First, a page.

The Ruby Horsethief section of the Colorado river runs from the desert town of Fruita, Colorado, putting in at the Loma Boat Ramp, travels 25 miles down river through the stunning desert canyons, into Utah, and eventually to the take out at the Westwater boat ramp. This was our first overnight trip on a river, requiring more planning, more gear, more beer, and honestly a bit more stress. Yet, it only a few miles on the river to realize this trip was going to be one of the most incredible experiences I’ve ever had in the desert.
Logistics to Run the Ruby Horsethief Section:
Permits: Required for Overnight (Not required for Day-trips)
Put In: Loma Boat Ramp (Colorado)
Take Out: Westwater Boat Ramp (Utah)
Distance: 25 miles
Flow: 22,000 CFS (2,000-30,000 CFS) Get Current Flows Here
Duration: 1-3 Days (4hrs at 20,000 CFS)
Vehicle Shuttle: 29 Miles (34 minutes)
Difficulty: Beginner Friendly
Campsites: 34 Options
Planning and River Status
The plan was for our two friends Tyler and Jessie, their dog Sierra, my wife Courtney, and our dog Gregor to do an overnight rafting trip on this section of river on a weekend in the beginning of June. The camping permits can be made 2 months in advance on a daily rolling window, starting at 8AM MDT. So 2 months prior, my wife and I refreshed the website 100x trying to get an open campsite, and we miraculously booked a great campsite, called Mee 2, located at the midway point on the river trip. This would give us the opportunity to camp nearby Friday night, get on the river Saturday morning, make camp Saturday night, then finish the trip sunday morning. And fingers crossed we wouldn’t get wind so strong that it would force us to row the entire 25 miles.
To start, I will have to add that we modified the standard route of Ruby Horsethief river trip because of how fast the river was flowing. We had originally planned to launch from the Loma Boat ramp, but when we got to the river’s edge and chatted with a river guide, our plans were going to have to change. They informed us that at the current flows, +20,000 CFS (6-7mph), we could finish the entire 25 miles in only 4 hours. Sadly, this was not the point of a river trip. We obviously wanted to spend as much time on the water as possible. So we drove 6 miles further into the town of Fruita, dumped all our gear out at a small day-use boat launch, shuttled my van down to the takeout at Westwater, then found a parking spot in town for the night near the put-in. And we were on the river by 10:30AM.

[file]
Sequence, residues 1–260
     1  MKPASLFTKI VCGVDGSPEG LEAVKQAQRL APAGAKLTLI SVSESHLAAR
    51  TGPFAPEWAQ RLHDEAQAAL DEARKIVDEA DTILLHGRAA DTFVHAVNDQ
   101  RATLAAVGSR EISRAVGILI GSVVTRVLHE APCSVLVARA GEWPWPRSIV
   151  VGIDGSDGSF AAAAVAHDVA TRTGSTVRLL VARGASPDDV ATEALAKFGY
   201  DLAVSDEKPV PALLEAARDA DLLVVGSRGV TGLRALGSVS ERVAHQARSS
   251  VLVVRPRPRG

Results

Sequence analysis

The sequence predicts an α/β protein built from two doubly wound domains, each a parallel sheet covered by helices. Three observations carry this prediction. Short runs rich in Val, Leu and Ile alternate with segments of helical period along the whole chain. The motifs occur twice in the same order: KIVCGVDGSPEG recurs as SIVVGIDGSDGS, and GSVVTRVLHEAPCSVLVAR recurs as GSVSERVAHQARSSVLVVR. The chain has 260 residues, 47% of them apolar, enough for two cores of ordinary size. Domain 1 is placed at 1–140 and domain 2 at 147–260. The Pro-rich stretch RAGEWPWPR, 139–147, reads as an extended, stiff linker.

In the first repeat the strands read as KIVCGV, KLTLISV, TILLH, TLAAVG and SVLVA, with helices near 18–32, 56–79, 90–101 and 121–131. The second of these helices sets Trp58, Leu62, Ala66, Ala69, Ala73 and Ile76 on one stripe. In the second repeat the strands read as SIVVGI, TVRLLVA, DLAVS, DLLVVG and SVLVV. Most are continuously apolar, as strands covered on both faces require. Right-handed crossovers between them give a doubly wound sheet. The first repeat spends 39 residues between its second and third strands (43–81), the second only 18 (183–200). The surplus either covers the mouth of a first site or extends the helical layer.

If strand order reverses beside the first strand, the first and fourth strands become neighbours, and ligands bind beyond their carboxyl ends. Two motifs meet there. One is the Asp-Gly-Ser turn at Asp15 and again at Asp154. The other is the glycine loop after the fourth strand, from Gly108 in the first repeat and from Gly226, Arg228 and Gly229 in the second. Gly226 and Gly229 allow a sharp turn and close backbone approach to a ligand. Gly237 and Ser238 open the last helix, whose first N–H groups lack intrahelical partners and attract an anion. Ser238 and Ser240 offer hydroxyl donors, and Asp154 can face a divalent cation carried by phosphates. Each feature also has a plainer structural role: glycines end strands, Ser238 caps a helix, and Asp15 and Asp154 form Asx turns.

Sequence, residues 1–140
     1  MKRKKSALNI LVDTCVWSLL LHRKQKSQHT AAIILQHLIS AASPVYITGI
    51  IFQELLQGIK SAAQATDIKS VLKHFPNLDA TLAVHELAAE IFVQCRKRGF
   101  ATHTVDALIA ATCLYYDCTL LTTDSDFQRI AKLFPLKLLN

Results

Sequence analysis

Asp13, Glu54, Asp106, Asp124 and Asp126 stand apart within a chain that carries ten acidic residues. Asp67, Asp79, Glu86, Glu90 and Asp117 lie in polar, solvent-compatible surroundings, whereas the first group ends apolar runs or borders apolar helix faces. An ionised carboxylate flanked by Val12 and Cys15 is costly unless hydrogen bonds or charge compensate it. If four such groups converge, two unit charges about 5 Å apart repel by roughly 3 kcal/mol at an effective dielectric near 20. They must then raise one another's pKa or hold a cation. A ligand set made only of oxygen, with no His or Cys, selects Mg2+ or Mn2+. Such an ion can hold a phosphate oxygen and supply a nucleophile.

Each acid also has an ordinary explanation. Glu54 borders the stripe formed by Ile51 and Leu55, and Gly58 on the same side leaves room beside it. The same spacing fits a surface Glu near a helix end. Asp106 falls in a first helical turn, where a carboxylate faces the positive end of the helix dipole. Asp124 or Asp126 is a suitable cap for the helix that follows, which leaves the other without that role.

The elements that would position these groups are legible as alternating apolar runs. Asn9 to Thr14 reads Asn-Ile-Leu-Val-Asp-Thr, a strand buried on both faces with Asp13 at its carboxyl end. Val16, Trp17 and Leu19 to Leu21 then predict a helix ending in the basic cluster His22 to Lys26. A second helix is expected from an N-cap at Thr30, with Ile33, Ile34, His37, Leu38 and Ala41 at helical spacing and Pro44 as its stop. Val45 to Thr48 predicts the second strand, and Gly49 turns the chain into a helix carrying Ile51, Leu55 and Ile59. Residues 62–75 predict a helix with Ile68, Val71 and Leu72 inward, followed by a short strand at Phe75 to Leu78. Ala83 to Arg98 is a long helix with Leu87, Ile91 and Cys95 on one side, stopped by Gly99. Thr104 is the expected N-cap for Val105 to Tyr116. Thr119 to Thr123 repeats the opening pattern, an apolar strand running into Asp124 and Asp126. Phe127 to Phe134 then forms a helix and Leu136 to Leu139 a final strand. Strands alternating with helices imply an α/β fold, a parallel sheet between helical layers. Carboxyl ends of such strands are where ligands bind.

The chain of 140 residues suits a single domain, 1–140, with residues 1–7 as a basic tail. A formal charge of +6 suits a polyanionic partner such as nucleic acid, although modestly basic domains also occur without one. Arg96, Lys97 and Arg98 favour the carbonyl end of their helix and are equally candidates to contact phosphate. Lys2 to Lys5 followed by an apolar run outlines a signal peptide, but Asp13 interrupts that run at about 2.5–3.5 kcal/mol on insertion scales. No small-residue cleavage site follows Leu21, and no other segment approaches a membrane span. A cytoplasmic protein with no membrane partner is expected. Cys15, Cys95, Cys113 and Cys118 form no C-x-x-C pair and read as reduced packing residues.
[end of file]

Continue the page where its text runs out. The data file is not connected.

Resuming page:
We pushed off, with all four of us and two dogs, onto the river for a new adventure. We all got comfortable, rearranging the gear and bags until we found a good spot for everything, including the dogs, and paddled into the river center. Cruising along with other boats filled with groups and dogs, we let the music play from our speaker, and drank the delicious beers that were being chilled by the river temperatures in a bag being dragged behind the boat. And as the extra 6 miles quickly passed by at about 6mph, we reached the Loma Boat ramp, where half a dozen other groups were prepping to push off on a beautiful Saturday morning down the Ruby Horsethief Canyons.
It didn’t take much longer to pull off at our first stop on the trip for lunch, on a beach that was under a few inches of water. We all hopped out, snacked on some canned salmon, and watched the dogs romp around in the shallow water. I spent this time to rig up some beer koozies on a lanyard for everyone, which is the #1 piece of gear needed on a river trip. But all jokes aside, the sun was strong, the temperatures were in the 80s, and the winds were calm. And as we made our way further down the river, we tried to take in the stunning sandstone canyon walls that towered over the fast moving river. With the water being so high, the river created new navigable routes through the normally arid desert landscape and marshes. And with those new navigable sections, it kept us on our toes because had to stay away from the river’s edge where the fast water could easily put us into a shallow section or into rocks that could flip the raft. But overall, it was still very manageable to avoid, and didn’t get in the way of the fun.